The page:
Sleep problems are among the most common non-motor symptoms of Parkinson's disease (PD). The PD Sleep Scale 2nd version (PDSS-2) improved the original PDSS by adding more items on different aspects of sleep problems, making it a more robust tool to evaluate the severity of sleep disturbances. However, previous studies on deep brain stimulation (DBS) have not used the PDSS-2. Objective: To determine if the PDSS-2 could detect improvement reliably in sleep problems after bilateral subthalamic nucleus DBS for PD. Methods: In this prospective study, 25 consecutive patients undergoing DBS implantation were enrolled. Patients were examined twice: 1 week prior to the DBS implantation (baseline) and 12 months postoperatively. Severity of PD symptoms were assessed by the Movement Disorders Society Unified PD Rating Scale (MDS-UPDRS) and the Non-Motor Symptoms Scale (NMSS). Presence and severity of sleep disturbances were specifically measured by PDSS-2. Results: Total score of MDS-UPDRS improved from 81 (median, interquartile-range: 63-103) to 55 points (median, IQR: 46-75, p < 0.001). Health-related quality of life, measured by PDQ-39, also improved from 29 (IQR: 18-40) to 15 (IQR: 9-28) points (p = 0.002). Most domains of NMSS also improved. At baseline 13 patients reported sleep problems, but 1 year after DBS implantation only 3 did (p = 0.012). Although only 6 out of 15 items showed a significant decrease after DBS implantation, the total score of PDSS-2 decreased from 24 (IQR: 17-32) to 10 (IQR: 7-18) points (P < 0.001). Conclusions: Based on our results, PDSS-2 can detect improvements in sleep quality reliably after DBS implantation.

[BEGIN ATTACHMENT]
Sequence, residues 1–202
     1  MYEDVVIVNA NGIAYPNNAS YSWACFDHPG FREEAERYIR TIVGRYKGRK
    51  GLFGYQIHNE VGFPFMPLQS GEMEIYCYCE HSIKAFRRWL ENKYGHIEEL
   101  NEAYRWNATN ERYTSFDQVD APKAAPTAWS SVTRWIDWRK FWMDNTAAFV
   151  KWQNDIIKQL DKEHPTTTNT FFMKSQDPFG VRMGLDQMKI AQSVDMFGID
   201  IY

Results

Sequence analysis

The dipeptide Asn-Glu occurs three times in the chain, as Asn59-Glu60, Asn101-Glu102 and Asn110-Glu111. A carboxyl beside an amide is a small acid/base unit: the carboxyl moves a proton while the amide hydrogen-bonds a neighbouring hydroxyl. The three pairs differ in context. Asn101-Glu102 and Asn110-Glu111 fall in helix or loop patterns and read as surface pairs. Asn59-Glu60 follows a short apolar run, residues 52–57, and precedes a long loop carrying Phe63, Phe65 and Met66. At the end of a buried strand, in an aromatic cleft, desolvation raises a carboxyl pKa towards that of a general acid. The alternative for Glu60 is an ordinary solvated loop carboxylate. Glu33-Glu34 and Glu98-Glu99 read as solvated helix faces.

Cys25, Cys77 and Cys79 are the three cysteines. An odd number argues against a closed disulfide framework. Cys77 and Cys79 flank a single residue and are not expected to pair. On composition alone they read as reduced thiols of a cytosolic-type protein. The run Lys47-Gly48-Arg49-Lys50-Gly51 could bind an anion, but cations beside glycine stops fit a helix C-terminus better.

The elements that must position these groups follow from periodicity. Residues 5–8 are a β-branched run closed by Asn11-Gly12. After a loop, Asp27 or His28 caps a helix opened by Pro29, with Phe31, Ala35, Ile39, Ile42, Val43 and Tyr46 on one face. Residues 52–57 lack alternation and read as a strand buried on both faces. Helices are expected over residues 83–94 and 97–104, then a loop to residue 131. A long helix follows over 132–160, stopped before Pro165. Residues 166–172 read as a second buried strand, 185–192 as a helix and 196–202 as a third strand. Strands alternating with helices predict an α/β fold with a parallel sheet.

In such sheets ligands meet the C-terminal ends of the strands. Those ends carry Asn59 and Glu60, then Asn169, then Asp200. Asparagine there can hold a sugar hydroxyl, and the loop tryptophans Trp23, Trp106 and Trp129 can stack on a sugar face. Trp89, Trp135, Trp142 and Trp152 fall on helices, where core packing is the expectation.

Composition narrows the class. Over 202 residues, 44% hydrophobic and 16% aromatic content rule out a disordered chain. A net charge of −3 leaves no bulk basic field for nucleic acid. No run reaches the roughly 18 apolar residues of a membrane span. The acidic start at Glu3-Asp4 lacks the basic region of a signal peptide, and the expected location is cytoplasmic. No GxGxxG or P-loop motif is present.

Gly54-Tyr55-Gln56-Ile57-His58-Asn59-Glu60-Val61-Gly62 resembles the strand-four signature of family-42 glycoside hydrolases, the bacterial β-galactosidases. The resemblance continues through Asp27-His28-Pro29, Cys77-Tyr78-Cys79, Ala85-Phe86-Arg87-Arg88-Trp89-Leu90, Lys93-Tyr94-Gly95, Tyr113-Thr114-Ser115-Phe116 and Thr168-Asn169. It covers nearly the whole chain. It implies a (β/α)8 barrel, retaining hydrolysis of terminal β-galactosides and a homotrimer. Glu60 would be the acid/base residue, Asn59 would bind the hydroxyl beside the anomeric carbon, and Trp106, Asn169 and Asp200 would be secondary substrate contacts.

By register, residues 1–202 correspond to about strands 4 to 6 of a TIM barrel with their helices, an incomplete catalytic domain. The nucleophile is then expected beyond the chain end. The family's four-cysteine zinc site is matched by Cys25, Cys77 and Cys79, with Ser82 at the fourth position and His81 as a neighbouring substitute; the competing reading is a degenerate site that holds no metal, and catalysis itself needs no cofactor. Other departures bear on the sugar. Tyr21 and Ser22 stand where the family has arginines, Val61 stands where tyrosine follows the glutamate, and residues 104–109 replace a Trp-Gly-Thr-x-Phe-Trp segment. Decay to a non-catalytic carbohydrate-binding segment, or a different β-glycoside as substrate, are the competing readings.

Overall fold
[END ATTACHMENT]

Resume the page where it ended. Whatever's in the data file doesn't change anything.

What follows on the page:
ASJC Scopus subject areas
- Clinical Neurology
- Cellular and Molecular Neuroscience